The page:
Slug you show on video would suffice too, I'm sure.

When the heavily armored and superior weaponry bank robbers were fighting cops in LA several years ago I wondered why the cops did not simply begin hitting their armor protected heads with 12 ga. slugs?? Even if the armor had been tough enough to thwart penetration the slug would have knocked them off their feet and the impact-shock would probably have knocked them out! At minimum the slug would have greatly disoriented their coordination and reasoning functions. Talk about getting a concussion! - LOL
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Old 02-18-2015, 09:56 AM   #14
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Most of the solenoids actually shut the fuel off.
There are literally millions of mechanical boat engines out there still working and while the benefits of a common rail are well known I wouldn't have one in a boat for love nor money. I've seen too many twin and single engine boats (mostly, but not all Volvo powered) towed back into harbour for me to place any trust in them until they become bullet proof.
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Old 02-18-2015, 09:58 AM   #15
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Scott - In 1971, hitting a 1960 383 cid Chevy engine. 12 ga. slug - went through side of the block, stopped it cold.

Slug you show on video would suffice too, I'm sure.

When the heavily armored and superior weaponry bank robbers were fighting cops in LA several years ago I wondered why the cops did not simply begin hitting their armor protected heads with 12 ga. slugs?? Even if the armor had been tough enough to thwart penetration the slug would have knocked them off their feet and the impact-shock would probably have knocked them out! At minimum the slug would have greatly disoriented their coordination and reasoning functions. Talk about getting a concussion! - LOL

I think only Jack Bauer can make those head shots in a running gun fight in the streets.
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Old 02-18-2015, 10:03 AM   #16
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I think only Jack Bauer can make those head shots in a running gun fight in the streets.
Those crap-head-robbers were calmly walking and firing their superior weapons much of the time. Armaments they wore made it too heavy for them to move very quickly. It would have been easy to hit their heads with 12 ga. slug. Three police officers, each firing 12 ga slugs... the jerks would have much sooner been stopped; IMHO. That crazy gun fight went on for too much of a long, long time!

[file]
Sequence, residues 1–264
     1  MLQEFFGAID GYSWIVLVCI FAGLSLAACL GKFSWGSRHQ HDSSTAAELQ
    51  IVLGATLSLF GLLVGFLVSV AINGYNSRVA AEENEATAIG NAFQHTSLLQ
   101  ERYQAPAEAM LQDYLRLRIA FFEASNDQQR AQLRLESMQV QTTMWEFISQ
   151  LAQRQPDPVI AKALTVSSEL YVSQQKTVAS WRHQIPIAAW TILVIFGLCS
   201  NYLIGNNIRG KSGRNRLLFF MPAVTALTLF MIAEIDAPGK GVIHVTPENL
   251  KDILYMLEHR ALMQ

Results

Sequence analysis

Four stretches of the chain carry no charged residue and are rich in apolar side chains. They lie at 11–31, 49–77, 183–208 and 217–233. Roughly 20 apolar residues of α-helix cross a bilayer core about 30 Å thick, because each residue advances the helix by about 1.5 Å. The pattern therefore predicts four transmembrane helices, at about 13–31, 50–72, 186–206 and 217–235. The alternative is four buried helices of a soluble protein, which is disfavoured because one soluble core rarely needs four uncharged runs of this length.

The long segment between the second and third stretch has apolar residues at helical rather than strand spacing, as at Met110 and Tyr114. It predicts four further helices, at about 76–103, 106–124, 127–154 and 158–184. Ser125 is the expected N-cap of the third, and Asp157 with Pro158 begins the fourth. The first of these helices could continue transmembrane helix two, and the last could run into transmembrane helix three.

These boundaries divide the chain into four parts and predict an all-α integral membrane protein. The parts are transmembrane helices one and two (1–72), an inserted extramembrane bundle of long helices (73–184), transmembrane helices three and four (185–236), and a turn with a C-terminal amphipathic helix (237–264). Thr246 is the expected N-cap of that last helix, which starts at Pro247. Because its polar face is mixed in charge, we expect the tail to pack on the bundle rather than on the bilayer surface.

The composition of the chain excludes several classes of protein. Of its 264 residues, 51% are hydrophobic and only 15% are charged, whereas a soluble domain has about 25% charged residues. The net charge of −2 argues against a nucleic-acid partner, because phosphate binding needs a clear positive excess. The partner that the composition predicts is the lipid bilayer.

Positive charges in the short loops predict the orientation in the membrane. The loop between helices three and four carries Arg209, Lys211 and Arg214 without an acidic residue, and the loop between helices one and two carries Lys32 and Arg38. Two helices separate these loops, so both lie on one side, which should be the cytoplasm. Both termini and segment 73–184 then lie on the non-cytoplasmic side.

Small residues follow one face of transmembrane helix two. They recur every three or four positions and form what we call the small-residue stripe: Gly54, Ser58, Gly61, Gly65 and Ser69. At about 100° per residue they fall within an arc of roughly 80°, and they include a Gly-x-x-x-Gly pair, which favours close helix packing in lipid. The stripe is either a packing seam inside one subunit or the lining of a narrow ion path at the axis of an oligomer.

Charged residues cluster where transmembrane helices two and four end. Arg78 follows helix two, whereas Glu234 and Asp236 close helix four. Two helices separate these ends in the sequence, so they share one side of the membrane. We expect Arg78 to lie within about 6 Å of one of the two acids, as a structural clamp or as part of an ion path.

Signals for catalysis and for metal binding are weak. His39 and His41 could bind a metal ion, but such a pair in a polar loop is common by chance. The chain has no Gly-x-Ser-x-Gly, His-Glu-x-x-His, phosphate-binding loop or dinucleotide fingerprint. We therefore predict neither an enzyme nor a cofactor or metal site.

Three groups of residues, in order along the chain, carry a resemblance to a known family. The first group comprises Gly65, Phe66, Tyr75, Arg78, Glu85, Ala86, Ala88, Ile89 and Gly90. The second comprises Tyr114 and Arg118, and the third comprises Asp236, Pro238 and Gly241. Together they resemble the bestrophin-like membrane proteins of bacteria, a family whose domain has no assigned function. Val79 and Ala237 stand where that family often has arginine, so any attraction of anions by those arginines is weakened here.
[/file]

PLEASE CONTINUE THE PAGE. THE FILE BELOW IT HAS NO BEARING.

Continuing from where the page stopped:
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Old 02-18-2015, 10:18 AM   #17
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modern diesels often require power to open fuel solenoid or run common rail injectors. The days of mechanical diesels seem over.
True, but it requires very little electricity to operate the fuel system. You could very easily be in a situation where your batteries are strong enough to run the engine, but not strong enough to start the engine. That's where something like this could be a life-saver.

The problem I see is that this thing needs to be mounted on the engine in place of the traditional starter. So, in an emergency you have to break out the tool kit, remove the normal starter, and mount this in its place. That ain't gonna happen any too fast! Either that or you leave this permanently mounted and ALWAYS have to start the engine manually.

It would be nice to have something along these lines that could be mounted IN ADDITION to a normal, electric starter, rather than instead of one. Then if the batteries are too run down to start the engine, you could just start it up with this, but in other cases use the electric starter.
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Old 02-18-2015, 12:53 PM   #18
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Many long distance cruisers have multiple battery banks and one or two ways to charge batteries...and possibly have a small inexpensive booster battery charger aboard to boot.

While the spring starter is tempting as a good idea...I think I am more likely struck by lightning and killed than not have the possibility of starting my engine eventually due to low battery power.

Now if I am going to carry a spare starter due to my cruising style and distance from help....I will seriously contemplate it then...
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Old 02-18-2015, 02:26 PM   #19
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Many long distance cruisers have multiple battery banks and one or two ways to charge batteries...and possibly have a small inexpensive booster battery charger aboard to boot.

While the spring starter is tempting as a good idea...I think I am more likely struck by lightning and killed than not have the possibility of starting my engine eventually due to low battery power.

Now if I am going to carry a spare starter due to my cruising style and distance from help....I will seriously contemplate it then...
I would sooner carry a spare regular starter. At least that way once I change it I don't have to change it back. And with multiple battery banks the likelihood of not enough cranking power is fairly low as ps stated.
Then again I usually anchor on a hill just in case
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Old 02-18-2015, 02:37 PM   #20
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I would sooner carry a spare regular starter. At least that way once I change it I don't have to change it back. And with multiple battery banks the likelihood of not enough cranking power is fairly low as ps stated.
Then again I usually anchor on a hill just in case